While our president still enjoys his essential employees and locations: the White House chefs, Camp David, and a military golf course, there doesn´t seem to be any question that in mercenary pursuit of a political win, this White House is determined to unreasonably punish as many everyday people as possible. And this includes children sick with cancer. That might sound like hyperbole, but it is not. Although Barack Obama´s chefs have been deemed "essential," employees at the National Institutes of Health who offer last-chance experimental cancer treatments for children suffering from cancer have not. Worse still, House Republicans have offered to
On Friday evening, enraged at World War II veterans who had the temerity to move aside President Obama’s barricades to visit the World War II Memorial, HBO’s Bill Maher launched into a broadside against the brave veterans, labeling them dumb. "The other thing that apparently was so important for the Republicans to keep open was the World War II Memorial in Washington. That was closed, so a bunch of the World War II vets knocked down the barriers and stormed it,” Maher said, to the laughter of his audience.
The Very Rev. Gary Hall, chief ecclesiastical leader and executive officer of the National Cathedral in Washington, D.C., said in a sermon on Sunday that “homophobia” and “heterosexism” are sins. “In its wisdom, the church came to its senses and labeled both racism and sexism as sinful,” Hall said. “And now we find ourselves at the last barrier—call that barrier homophobia, call it heterosexism. “We must now have the courage to take the final step and call homophobia and heterosexism what they are,” Hall said. “They are sin. “Homophobia is a sin,” Hall said. “Heterosexism is a sin.
Near MOUNT PISGAH, N.C. — At a spot 5,000 feet above sea level and 20 miles from the nearest town, an innkeeper decided Friday to defy the federal government and reopen his lodge. That stand lasted about two hours as National Park Service rangers blocked the entrances to the privately run Pisgah Inn on the Blue Ridge Parkway after owner Bruce O´Connell decided to reopen his dining room, gift shop and country store at noon Friday for lunch. The federal government had forced the inn, in a leased building on federal land, to shut down at 6 p.m. ET Thursday
The Republican Party could be in danger of losing control of the House in 2014, new polls on Sunday show. In a survey of 24 seats, Republicans fall behind in 17 head-to-head matches against “generic Democrat candidates” among registered voters and lag in an additional four districts when respondents are told the Republican candidate supported the shutdown, according to the surveys by Public Policy Polling which were funded by the liberal group, MoveOn.org. Democrats would need to pick up 17 seats to take over the House - something the polling reveals could be within reach. One district that shows a favorable position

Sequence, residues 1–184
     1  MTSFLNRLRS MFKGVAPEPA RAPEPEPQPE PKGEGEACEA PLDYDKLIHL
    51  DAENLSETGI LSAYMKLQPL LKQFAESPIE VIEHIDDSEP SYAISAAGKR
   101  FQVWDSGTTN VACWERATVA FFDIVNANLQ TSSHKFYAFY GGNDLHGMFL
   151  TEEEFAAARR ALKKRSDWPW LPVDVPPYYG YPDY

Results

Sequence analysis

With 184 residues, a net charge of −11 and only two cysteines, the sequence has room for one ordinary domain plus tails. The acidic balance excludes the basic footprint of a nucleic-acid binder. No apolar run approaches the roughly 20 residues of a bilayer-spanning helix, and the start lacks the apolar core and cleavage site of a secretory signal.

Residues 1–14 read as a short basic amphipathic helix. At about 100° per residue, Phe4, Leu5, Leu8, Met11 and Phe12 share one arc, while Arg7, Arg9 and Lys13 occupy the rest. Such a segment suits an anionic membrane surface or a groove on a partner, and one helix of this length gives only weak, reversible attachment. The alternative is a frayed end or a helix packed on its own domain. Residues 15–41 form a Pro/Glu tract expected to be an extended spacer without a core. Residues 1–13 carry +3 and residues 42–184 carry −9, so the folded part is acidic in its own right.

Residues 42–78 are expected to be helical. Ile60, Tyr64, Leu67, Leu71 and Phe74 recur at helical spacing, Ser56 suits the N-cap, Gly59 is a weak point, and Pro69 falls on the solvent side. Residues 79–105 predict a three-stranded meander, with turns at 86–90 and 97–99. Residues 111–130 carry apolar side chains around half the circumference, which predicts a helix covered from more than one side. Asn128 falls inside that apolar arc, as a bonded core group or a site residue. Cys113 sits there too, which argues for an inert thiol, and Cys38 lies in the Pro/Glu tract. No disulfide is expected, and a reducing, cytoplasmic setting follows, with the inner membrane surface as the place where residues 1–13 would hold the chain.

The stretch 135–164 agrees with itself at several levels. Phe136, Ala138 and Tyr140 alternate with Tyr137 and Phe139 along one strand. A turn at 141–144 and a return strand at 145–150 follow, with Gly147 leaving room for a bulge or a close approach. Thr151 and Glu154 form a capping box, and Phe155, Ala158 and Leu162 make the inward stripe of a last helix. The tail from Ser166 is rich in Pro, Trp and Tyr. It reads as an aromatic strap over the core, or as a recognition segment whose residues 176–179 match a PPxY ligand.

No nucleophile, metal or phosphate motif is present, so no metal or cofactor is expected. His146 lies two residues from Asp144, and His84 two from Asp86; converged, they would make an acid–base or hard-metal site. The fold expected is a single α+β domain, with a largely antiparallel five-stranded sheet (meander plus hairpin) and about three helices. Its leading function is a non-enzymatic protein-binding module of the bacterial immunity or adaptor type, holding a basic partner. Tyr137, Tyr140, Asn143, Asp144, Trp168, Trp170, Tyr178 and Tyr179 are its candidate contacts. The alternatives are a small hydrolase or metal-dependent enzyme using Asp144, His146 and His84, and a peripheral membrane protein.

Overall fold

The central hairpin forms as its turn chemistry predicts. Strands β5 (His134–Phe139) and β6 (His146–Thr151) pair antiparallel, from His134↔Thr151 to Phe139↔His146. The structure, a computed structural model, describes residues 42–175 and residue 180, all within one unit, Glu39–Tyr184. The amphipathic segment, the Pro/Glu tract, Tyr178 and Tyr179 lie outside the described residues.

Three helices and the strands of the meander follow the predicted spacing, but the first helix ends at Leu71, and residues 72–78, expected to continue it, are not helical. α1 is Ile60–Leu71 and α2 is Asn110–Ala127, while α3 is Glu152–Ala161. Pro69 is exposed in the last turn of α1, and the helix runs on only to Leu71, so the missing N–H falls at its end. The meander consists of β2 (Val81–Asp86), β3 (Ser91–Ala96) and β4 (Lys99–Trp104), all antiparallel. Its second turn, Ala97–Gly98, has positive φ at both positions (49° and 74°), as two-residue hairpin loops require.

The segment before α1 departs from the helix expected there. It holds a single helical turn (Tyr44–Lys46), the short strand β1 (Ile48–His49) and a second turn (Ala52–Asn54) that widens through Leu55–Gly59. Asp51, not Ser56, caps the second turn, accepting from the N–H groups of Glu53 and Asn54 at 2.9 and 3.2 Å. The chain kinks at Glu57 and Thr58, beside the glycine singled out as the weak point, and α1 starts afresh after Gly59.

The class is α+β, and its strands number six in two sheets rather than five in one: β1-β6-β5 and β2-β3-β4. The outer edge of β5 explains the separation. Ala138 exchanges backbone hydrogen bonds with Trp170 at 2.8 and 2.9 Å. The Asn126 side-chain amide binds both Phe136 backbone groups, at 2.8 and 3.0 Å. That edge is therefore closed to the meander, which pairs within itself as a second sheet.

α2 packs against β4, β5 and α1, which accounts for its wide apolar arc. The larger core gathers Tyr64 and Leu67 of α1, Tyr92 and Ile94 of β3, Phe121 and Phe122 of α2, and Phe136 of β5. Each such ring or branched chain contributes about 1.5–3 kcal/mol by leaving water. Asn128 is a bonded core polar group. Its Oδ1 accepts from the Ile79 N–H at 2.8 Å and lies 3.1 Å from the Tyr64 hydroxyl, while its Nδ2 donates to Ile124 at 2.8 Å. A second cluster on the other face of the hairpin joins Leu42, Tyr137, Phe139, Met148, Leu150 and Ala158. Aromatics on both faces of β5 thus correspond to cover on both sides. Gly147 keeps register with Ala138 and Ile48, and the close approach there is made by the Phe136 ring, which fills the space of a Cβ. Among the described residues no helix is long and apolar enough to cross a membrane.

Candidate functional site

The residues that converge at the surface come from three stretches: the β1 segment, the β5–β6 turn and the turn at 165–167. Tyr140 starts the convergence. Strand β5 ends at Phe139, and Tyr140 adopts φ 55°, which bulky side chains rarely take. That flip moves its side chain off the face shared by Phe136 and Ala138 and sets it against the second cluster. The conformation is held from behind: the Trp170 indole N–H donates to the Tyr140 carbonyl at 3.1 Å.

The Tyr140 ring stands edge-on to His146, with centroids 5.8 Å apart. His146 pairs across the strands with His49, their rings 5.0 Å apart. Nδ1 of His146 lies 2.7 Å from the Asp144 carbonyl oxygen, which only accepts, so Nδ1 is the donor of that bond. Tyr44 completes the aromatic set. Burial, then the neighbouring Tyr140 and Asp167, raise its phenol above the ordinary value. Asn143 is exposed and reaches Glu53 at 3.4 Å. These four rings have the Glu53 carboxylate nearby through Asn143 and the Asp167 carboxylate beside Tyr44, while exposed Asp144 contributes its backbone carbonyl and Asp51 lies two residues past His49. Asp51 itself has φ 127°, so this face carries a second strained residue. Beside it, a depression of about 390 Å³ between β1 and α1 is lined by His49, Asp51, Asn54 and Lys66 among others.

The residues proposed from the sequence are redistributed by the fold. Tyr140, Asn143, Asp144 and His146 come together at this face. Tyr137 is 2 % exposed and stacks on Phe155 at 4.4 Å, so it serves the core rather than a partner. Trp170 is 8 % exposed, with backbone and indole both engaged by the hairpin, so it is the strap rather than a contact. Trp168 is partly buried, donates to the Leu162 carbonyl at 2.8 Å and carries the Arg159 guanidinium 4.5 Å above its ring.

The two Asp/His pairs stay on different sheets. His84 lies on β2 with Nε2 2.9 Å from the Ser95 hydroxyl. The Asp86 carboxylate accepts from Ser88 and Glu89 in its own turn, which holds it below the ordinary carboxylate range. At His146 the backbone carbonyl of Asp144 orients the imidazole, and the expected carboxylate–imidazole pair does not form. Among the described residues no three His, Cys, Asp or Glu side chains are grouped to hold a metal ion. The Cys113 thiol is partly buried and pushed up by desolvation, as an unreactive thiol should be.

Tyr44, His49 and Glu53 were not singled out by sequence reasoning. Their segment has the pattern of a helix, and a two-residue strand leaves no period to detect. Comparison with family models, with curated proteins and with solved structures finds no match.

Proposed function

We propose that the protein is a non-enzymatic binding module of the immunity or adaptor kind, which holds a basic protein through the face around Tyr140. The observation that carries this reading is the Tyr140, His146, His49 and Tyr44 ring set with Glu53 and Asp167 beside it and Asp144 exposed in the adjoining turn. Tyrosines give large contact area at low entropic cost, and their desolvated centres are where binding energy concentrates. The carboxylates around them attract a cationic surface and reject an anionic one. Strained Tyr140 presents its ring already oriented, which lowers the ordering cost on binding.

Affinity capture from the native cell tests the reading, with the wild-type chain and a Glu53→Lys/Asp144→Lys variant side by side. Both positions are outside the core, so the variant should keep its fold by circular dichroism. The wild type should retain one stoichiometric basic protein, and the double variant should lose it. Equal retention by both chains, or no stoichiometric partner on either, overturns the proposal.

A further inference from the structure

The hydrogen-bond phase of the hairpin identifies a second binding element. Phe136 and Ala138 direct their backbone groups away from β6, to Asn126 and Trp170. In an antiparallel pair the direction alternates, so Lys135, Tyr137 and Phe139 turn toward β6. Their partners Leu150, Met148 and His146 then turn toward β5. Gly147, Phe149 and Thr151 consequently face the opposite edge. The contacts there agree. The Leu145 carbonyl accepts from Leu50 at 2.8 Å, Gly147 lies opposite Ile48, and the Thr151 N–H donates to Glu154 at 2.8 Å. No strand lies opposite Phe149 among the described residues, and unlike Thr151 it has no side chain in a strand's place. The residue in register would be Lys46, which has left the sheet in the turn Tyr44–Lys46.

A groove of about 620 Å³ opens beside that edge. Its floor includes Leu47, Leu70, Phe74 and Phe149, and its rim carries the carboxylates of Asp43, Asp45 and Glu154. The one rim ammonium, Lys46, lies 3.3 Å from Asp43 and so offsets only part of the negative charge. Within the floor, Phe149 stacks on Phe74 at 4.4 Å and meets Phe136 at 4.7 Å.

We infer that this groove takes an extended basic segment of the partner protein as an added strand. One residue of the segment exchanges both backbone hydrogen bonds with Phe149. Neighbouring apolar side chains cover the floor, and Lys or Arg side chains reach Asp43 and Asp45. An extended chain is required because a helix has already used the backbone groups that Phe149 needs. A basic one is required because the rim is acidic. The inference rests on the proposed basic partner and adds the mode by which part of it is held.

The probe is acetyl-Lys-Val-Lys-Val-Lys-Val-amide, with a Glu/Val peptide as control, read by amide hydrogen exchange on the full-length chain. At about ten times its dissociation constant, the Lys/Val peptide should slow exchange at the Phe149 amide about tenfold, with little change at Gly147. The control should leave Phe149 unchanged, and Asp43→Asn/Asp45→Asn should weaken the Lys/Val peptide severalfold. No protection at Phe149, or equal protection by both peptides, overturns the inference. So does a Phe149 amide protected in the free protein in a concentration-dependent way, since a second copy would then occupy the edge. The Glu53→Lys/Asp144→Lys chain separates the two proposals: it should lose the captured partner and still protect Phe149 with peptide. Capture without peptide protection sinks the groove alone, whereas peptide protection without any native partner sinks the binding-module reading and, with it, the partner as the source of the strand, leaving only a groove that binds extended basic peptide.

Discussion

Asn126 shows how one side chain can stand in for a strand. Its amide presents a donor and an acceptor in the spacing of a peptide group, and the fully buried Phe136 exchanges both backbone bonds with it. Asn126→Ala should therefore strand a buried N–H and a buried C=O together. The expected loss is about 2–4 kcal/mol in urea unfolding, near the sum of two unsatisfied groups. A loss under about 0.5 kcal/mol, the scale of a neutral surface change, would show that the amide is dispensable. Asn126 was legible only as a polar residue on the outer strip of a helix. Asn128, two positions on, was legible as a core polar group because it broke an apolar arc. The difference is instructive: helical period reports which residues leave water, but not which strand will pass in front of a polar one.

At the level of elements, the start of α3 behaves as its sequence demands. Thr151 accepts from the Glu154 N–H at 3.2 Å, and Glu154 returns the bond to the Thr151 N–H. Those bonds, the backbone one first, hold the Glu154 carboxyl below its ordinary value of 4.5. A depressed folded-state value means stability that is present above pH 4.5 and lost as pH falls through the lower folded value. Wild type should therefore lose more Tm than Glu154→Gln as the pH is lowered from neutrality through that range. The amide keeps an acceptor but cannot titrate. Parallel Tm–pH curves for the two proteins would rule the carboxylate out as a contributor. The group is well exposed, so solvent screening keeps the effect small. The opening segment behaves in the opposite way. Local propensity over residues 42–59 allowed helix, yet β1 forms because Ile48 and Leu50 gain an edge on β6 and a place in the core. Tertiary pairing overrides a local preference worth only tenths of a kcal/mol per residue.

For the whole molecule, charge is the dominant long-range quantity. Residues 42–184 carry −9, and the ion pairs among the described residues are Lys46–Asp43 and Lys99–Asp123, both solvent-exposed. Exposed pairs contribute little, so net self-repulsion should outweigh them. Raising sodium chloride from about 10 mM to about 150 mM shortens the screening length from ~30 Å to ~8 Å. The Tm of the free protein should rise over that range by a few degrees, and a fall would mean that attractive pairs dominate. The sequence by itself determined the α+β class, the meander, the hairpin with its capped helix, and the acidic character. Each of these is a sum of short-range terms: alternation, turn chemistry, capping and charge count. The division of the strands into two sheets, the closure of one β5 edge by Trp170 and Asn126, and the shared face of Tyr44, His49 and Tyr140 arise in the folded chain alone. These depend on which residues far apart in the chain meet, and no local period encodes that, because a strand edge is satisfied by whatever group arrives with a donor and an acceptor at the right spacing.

Las Vegas, NV -- The government shutdown is being felt close to home for some locals. They say they´re being forced out of private homes on Lake Mead because they sit on federal land. Joyce Spencer is 77-years-old and her husband Ralph is 80. They´ve been spending most of their time in the family ice cream store since going home isn´t an option. The Spencers never expected to be forced out of their Lake Mead home, which they´ve owned since the 70s, but on Thursday, a park ranger said they had 24 hours to get out. "I had to go
WASHINGTON- The NFL is prepared to meet with an Indian tribe pushing for the Washington Redskins to drop the team´s nickname. Just not this week. As league owners gathered Monday in the nation´s capital for their fall meetings, the Oneida Indian Nation held a symposium across town to promote their "Change the Mascot" campaign. Oneida representative Ray Halbritter said the NFL was invited to attend. Instead, NFL spokesman Brian McCarthy said, a meeting has been scheduled for next month - and could happen sooner. "We respect that people have differing views," McCarthy said.
Two professional colorists have combined their skills with photographs and fascination with the American Civil War to create a remarkable series of color photographs from the era. British colorist Jordan Lloyd, 27, met fellow colorist Mads Madsen, 19, from Denmark when he started posting on Madsen´s subreddit ´Colorized History´. Initially it was Madsen who was colorizing images from the Civil War era, but Lloyd eventually got interested and now the two work together restoring the images, improving their technique by giving each other critiques. Madsen has been interested in the Civil War since he was 12, and was especially fascinated